Unfounded homophobia hinders self-realizationBecause of...

the Forum

February 15, 1993

Unfounded homophobia hinders self-realization

Because of all the static raised since President Clinton promised to lift the ban on gays in the military, I would like to illuminate some points that I learned doing research on the subject of homophobia.

We know that homophobia is an irrational fear and hatred of those who love persons of the same sex. It is an oppression as violent as racism, sexism or anti-Semitism.

It calls up images of loss of freedom, verbal and physical violence. It causes rejection by friends, threats or loss of employment, loss of children, beatings, rape, sometimes loss of life.

There are two ideas that fuel homophobia: that homosexuality is either abnormal (sick) or immoral (sinful).

The American Psychological Association has said that to be homosexual is no more abnormal than to be left-handed.

As for being immoral, Dr. Virginia Mollenkott, in an essay in Christianity and Crisis (Nov. 9, 1987), stated that discrimination against homosexuals stems from a misreading of the Bible.

Many English translations of the Bible contain the word "homosexual" in negative contexts, but the fact is that the word homosexual does not occur anywhere in the original writings.

The term itself was not developed in any language until the 1890s. Also, there is not a single reference by Jesus to alleged homosexuality. (However, he made several hundred references to money and the necessity for a just distribution of wealth).

There are many theories about why some of us are heterosexual and some of us are homosexual; for example, genetic makeup, hormones, socialization, environment. There is no conclusive evidence that heterosexual identity comes from one process and homosexuality from another.

There seems rather to be evidence that sexuality has a wide range, on a continuum from totally homosexual, through bi-sexual, to totally heterosexual, with infinite variations in between.

What kind of world might we imagine without imposed gender roles? Kids wouldn't be called sissies or tomboys; they'd just be themselves, able to do what they wished.

People would be able to love anyone, regardless of gender. People would no longer fear showing affection to someone of the same sex.

Women would be able to work at any job without being labeled masculine; men would be able to do the same and not be called effeminate.

It seems logical that there might also be a great deal less violence if men no longer had to "prove their manhood." There might, in short, be the chance for people to live out their potentials and be themselves.

If for some reason we cannot love all our fellow human beings, we can at least show tolerance for all. We will all benefit in the end.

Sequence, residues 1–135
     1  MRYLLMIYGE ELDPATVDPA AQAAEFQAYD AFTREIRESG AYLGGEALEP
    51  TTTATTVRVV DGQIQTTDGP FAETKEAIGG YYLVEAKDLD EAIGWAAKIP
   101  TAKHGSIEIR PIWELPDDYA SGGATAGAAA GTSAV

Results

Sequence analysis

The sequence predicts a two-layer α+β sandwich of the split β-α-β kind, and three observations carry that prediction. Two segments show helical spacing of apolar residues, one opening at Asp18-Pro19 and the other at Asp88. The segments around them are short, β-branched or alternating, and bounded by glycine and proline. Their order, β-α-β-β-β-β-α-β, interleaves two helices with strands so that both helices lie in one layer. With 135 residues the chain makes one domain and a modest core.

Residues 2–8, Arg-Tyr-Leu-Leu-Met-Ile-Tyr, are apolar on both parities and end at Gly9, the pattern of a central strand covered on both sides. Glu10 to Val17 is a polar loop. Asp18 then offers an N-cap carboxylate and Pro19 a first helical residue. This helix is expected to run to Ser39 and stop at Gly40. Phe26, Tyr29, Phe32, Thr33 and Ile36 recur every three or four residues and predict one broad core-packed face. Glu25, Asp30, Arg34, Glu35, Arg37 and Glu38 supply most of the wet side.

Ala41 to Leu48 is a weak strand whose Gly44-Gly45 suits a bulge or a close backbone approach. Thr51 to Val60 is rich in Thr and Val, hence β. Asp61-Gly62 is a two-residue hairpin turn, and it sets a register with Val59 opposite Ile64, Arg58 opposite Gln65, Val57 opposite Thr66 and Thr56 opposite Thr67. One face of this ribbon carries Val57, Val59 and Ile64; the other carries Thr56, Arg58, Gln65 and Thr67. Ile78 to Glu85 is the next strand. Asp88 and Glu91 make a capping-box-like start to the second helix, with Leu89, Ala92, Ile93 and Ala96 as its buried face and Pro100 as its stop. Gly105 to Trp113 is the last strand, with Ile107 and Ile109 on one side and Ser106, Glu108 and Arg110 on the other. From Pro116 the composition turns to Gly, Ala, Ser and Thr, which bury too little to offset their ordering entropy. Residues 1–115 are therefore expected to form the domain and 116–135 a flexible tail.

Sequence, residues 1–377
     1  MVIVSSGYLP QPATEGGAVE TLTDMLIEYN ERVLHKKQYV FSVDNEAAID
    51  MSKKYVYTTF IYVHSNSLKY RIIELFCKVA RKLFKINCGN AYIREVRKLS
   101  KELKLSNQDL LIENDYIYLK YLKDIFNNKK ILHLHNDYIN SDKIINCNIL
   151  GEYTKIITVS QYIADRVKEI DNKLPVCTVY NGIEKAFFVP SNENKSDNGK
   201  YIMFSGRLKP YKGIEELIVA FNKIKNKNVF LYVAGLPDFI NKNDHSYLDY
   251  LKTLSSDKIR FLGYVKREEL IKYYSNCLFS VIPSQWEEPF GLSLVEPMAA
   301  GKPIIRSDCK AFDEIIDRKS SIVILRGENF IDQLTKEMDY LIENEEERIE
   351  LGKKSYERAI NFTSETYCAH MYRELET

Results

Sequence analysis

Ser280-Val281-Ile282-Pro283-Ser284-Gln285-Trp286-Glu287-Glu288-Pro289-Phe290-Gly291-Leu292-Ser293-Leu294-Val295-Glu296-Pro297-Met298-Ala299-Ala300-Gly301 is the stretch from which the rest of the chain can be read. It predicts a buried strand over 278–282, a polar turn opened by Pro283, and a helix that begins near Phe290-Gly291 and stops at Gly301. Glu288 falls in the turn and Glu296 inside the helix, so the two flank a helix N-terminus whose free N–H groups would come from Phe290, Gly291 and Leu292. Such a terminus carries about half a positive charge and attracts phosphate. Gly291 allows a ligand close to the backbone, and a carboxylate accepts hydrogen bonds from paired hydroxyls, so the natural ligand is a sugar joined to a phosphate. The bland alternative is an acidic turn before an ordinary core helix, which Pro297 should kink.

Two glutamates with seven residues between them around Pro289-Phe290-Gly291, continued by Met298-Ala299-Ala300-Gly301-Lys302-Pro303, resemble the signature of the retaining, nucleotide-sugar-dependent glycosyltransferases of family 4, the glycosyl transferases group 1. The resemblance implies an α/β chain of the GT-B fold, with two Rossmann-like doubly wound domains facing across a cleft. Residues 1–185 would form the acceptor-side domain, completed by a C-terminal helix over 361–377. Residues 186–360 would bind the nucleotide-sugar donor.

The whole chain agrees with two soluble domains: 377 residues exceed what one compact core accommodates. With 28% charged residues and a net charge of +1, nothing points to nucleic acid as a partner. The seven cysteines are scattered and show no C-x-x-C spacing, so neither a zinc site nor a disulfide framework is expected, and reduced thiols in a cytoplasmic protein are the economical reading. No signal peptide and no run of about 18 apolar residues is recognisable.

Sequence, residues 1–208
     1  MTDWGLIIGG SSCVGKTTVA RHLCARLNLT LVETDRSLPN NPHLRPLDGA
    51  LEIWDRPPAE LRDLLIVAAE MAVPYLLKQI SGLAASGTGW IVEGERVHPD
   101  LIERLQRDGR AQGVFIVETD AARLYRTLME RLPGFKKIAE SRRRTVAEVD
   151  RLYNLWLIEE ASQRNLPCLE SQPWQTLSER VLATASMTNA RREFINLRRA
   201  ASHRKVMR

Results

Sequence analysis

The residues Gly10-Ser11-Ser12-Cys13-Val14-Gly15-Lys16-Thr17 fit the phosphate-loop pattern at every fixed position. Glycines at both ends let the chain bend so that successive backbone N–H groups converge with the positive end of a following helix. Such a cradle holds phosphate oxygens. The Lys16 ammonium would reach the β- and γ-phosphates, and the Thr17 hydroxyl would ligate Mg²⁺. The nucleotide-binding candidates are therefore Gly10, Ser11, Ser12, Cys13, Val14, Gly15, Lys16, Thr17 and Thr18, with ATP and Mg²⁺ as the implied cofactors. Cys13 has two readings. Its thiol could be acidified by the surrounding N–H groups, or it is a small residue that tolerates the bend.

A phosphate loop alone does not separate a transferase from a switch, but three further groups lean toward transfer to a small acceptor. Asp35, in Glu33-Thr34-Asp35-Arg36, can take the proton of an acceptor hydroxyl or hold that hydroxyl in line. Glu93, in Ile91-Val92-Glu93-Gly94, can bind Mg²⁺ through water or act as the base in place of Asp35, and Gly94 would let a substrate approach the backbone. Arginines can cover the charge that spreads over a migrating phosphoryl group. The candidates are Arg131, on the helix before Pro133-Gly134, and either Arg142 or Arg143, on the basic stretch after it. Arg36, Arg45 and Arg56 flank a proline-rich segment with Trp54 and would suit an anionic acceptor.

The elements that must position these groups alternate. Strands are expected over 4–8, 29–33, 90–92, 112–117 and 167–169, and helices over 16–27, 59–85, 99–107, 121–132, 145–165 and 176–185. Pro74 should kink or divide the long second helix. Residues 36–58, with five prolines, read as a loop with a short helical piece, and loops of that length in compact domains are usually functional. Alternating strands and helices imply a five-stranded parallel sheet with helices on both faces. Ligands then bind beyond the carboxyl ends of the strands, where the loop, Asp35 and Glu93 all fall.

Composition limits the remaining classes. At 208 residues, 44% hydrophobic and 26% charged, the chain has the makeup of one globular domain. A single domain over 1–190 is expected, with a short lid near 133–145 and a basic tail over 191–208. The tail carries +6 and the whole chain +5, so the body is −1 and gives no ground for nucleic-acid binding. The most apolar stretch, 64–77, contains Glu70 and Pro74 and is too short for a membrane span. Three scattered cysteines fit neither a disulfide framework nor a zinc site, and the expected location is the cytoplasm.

Agnes (Mac) McAvinue

Baltimore

Moral laws are relative over time

Our society makes much of being moral and of using morality as a guide of our actions. Yet, when we look at some of these actions in hindsight, the righteousness often pales.

Consider the Salem witch trials, the slave trade or the policy toward American Indians, which all were thought to be morally acceptable in their time.

What is immoral today may have been acceptable a century ago; what is moral in an aboriginal culture may be immoral in a civilized culture.

"Moral law is ever changing -- at one period in the development of the human race almost everybody thought cannibalism was a duty," said Bertrand Russell.

There is a tendency to link morality to the predominant religion or a culture. The presiding religious leaders -- witch doctors, priests, rabbis, lamas or what have you -- set and interpert "the moral law."

John Dewey said, "Morals is not a catalog of acts nor a set of rules to be applied like a drugstore prescription or cook-book recipe."

So are we to act however we darn well please? Of course not. We must be ever cognizant of our fellow travelers on this planet, of their rights and feelings, and we must endeavor to better our relationship with our environment.

Immanuel Kant said: "Act as to treat humanity, whether in thine own person or in that of another, as an end withal, never as a means only."

J. Bernard Hihn

Baltimore

How to cut

Increasing taxes will produce no meaningful results unless we reduce spending. There are dozens of ways to reduce the national debt and deficit.

Since Uncle Sam is drowning in red ink, we have to reduce the investment in space exploration. Example: $30 million to install a toilet in the space shuttle.

We could save billions of dollars by creating a central office in order to prevent duplication of spending by various branches of the military service.

Our federal government owns about 30 percent of the land in this nation. By the sale of a significant portion of this real estate the debt would be reduced.

The IRS can't collect the taxes owed by thousands of people. Perhaps we ought to privatize the IRS by hiring a top-notch accounting firms.

In the big cities the population explosion among the "Les Miserables" is getting out of control. Inertia on our part will cost us a fortune that we can't afford.

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